President Obama’s ACA established the Independent Payment Advisory Board (IPAB), a 15-member panel of unelected federal employees to be appointed by the president and confirmed by the Senate. Its mission is specific – to restrict payments to doctors and hospitals in order to achieve a reduction in Medicare spending beneath a specified cap. Beyond authority to directly cut payments for care under Medicare, the IPAB has the power to regulate all health care in the US, including private health care and insurance, so long as such action is deemed to “help reduce the growth rate [of national health expenditures] while maintaining or enhancing [Medicare] beneficiary access to quality care.” Decisions by the panel are not simply recommendations; if the Senate, the House, and the president do not concur on an alternative proposal, or if Congress does not act at all, the HHS Secretary is required to implement the board’s recommendations. As of August 15, 2014, if the IPAB does not even submit such recommendations and Congress does not enact its own payment restrictions, the Secretary of HHS is authorized to make and implement them unilaterally, without any other approval.
The reality is that the IPAB represents an unprecedented shift of power from individual Americans to a centralized Board of political appointees that is unaccountable to citizens, to Congress, or to the judiciary. Even Howard Dean, former Chair of the Democratic National Committee and former Governor of Vermont, warned last month that “The IPAB is essentially a health-care rationing body. By setting doctor reimbursement rates for Medicare and determining which procedures and drugs will be covered and at what price, the IPAB will be able to stop certain treatments its members do not favor by simply setting rates to levels where no doctor or hospital will perform them. Rate setting—the essential mechanism of the IPAB—has a 40-year track record of failure.” Dean continued “what ends up happening … is that bureaucrats are making medical decisions without knowing the patients. Most important, these kinds of schemes do not control costs.”
3. Liberate the poor from Medicaid
The ObamaCare Medicaid expansion is a prime example where facts are ignored and, instead, expansion of a failed entitlement program is the proposed solution. Let’s consider the facts. The major medical journals are filled with proof that Medicaid patients have worse outcomes than comparable patients with private insurance, including more deaths, longer hospitalizations, and more serious complications from major surgery, cancer, heart disease, interventional procedures, transplants, and AIDS. And now, in Oregon’s controlled, randomized study comparing thousands of previously uninsured, poor Medicaid applicants who received Medicaid to those who did not receive insurance, we see evidence that “comprehensive” Medicaid insurance failed to improve health beyond no insurance at all.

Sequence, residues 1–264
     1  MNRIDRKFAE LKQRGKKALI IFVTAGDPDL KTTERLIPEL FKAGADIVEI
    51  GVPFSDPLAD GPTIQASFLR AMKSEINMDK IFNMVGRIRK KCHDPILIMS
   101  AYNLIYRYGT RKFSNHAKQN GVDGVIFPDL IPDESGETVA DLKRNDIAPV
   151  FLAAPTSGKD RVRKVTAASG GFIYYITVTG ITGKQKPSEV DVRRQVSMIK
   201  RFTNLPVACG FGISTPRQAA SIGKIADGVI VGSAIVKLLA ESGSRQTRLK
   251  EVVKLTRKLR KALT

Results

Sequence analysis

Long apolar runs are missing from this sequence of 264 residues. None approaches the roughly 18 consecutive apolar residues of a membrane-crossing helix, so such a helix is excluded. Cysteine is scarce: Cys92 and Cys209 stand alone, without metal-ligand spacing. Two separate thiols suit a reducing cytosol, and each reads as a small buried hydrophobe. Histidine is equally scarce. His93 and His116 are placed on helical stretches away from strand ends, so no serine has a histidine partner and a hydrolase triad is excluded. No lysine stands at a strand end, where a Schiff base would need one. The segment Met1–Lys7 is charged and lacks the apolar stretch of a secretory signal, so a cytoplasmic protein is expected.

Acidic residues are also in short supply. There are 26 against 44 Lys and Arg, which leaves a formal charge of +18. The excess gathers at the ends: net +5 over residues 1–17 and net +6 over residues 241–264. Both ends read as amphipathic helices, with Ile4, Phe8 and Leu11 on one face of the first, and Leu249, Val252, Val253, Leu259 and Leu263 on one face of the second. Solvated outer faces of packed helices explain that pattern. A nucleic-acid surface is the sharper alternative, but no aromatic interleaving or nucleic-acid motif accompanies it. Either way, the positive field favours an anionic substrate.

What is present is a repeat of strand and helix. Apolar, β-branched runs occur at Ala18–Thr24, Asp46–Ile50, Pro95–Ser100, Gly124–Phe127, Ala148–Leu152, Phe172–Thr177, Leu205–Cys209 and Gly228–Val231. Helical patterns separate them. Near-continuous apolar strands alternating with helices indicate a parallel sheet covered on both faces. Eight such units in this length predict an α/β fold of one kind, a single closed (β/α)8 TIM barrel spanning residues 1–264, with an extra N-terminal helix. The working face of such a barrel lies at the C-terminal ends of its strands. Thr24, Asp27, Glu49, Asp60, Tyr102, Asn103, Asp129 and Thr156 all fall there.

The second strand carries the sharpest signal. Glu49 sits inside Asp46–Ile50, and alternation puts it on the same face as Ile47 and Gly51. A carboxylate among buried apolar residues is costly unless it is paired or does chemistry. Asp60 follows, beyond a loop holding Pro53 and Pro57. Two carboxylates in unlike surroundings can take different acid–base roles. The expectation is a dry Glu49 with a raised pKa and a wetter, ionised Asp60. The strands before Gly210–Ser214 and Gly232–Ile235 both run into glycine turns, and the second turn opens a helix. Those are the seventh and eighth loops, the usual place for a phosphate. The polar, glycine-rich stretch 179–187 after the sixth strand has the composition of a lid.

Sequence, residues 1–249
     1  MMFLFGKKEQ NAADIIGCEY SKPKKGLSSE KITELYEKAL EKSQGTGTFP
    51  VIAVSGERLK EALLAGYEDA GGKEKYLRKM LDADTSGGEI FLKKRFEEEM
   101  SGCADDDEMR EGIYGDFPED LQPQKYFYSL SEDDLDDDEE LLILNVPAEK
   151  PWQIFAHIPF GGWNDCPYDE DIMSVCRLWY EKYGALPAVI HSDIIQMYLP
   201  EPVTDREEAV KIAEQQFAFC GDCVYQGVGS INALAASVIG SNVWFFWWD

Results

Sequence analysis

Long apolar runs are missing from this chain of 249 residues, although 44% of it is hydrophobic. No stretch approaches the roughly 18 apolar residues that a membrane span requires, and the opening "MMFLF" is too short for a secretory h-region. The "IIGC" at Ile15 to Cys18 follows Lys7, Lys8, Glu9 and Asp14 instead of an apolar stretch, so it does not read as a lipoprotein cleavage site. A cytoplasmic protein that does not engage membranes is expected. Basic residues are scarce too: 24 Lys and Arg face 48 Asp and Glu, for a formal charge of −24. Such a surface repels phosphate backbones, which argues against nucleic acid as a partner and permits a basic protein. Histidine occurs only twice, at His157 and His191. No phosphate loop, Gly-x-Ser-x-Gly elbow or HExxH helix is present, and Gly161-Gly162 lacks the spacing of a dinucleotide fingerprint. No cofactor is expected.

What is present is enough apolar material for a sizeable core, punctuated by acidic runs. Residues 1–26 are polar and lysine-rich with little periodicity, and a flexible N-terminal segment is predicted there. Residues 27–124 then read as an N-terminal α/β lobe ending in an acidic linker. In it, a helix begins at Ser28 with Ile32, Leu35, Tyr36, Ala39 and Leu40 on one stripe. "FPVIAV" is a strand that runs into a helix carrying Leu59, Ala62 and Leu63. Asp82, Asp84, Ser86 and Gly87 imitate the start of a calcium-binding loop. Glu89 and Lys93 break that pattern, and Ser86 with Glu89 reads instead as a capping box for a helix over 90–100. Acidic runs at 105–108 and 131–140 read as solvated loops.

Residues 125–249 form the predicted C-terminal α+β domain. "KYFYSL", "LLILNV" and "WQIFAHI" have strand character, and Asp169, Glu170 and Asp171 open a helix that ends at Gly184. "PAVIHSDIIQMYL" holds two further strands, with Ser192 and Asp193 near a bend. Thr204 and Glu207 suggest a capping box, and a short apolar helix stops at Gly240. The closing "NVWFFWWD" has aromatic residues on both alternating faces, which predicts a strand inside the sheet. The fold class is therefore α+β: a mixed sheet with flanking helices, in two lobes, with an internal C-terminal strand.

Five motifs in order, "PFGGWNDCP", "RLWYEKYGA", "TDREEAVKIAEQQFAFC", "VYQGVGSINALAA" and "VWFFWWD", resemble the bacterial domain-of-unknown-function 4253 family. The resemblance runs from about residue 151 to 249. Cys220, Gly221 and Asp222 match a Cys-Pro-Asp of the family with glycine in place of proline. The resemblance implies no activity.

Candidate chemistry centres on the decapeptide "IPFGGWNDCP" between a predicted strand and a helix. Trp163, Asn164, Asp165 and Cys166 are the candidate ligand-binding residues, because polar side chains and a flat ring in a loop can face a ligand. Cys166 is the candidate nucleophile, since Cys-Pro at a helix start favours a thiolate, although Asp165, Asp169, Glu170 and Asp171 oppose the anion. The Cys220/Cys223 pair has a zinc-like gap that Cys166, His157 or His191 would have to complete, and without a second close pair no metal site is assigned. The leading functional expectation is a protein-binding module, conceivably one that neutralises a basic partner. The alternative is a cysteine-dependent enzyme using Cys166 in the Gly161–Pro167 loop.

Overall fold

Beyond outcomes, Medicaid insurance has been only a façade for years, because beneficiaries cannot even find doctors. More than one-third of primary care doctors and one-fourth of specialists already refused new Medicaid patients back in 2008. And from a 2009 survey of 15 large metropolitan areas, almost half of doctors nationally in five commonly used fields refused Medicaid patients, about four times the percentage that refused new private insurance patients.
Instead of pretending that our government is helping the poor while wasting yet another $700 billion of taxpayer money on scandalous health outcomes and no access to doctors, how about getting government out of this already proven debacle? Let’s start by allowing all Medicaid beneficiaries the option to receive defined contributions, actual money, to purchase health insurance of their own choosing, including high deductible plans with health savings accounts.
4. Repeal the misguided excise taxes on medical devices
New taxes on key health care industries and investors, including drug manufacturers and medical device companies, all discourage the risky but essential investment in innovators that form the bedrock of America’s medical technology industry. Perhaps most destructive is the new 2.3% excise tax – on revenues, not just profits – on medical devices already begun that increases federal taxes on medical device companies by $30 billion through 2022.
Beyond suffocating the health benefits from its innovations, threatening this specific sector is highly counter-productive to our economy. The medical technology industry directly accounts for more than 400,000 high paying US jobs and creates about 2 million additional U.S. jobs – the very sort of careers our young people seek.
By some estimates, the ACA will cause a loss of 45,000 jobs in the U.S … and medical device companies are already eliminating jobs because of these onerous taxes. The ACA will cost Boston Scientific alone more than $100 million a year in additional taxes, so they built a $35 million research center in Ireland instead of in the US and announced another $150 million site in China. Stryker Corporation of Michigan announced reductions of 1,000 workers “to provide efficiencies and realign resources in advance of the new Medical Device Excise Tax.” Cook Medical of Indiana announced it is scrapping plans to open five new plants in the Midwest because of this specific tax, while saying “in reality, we’re not looking at the US to build factories anymore as long as this tax is in place.” San Diego’s NuVasive wrote “as a result of the law, for the first time in our history we are being compelled to consider moving manufacturing, clinical trials and investment in new innovation to more business-friendly countries.” And CEO Mark Waite of Lighthouse Imaging in Maine stated what is obvious – “”This [tax] will end up making the cost of goods higher, and since most of these medical devices are required, as opposed to being optional, that cost gets passed on to the consumer and the cost of care goes up.”
Commitment to principles and a sense of urgency are needed now more than ever for our elected congressional leaders and state officials. ObamaCare is stumbling forward, thanks to the Supreme Court’s decision to artificially categorize government mandates as taxes. And belying their overall opposition to the Affordability Care Act, the voters re-elected President Obama. The next several months will determine if this divided government even has the capacity to look beyond politics and honor its commitment to work for the people who actually pay the bills.
David and Joan Traitel Senior Fellow and member of the Working Group on Health Care Policy at the Hoover Institution of Stanford University.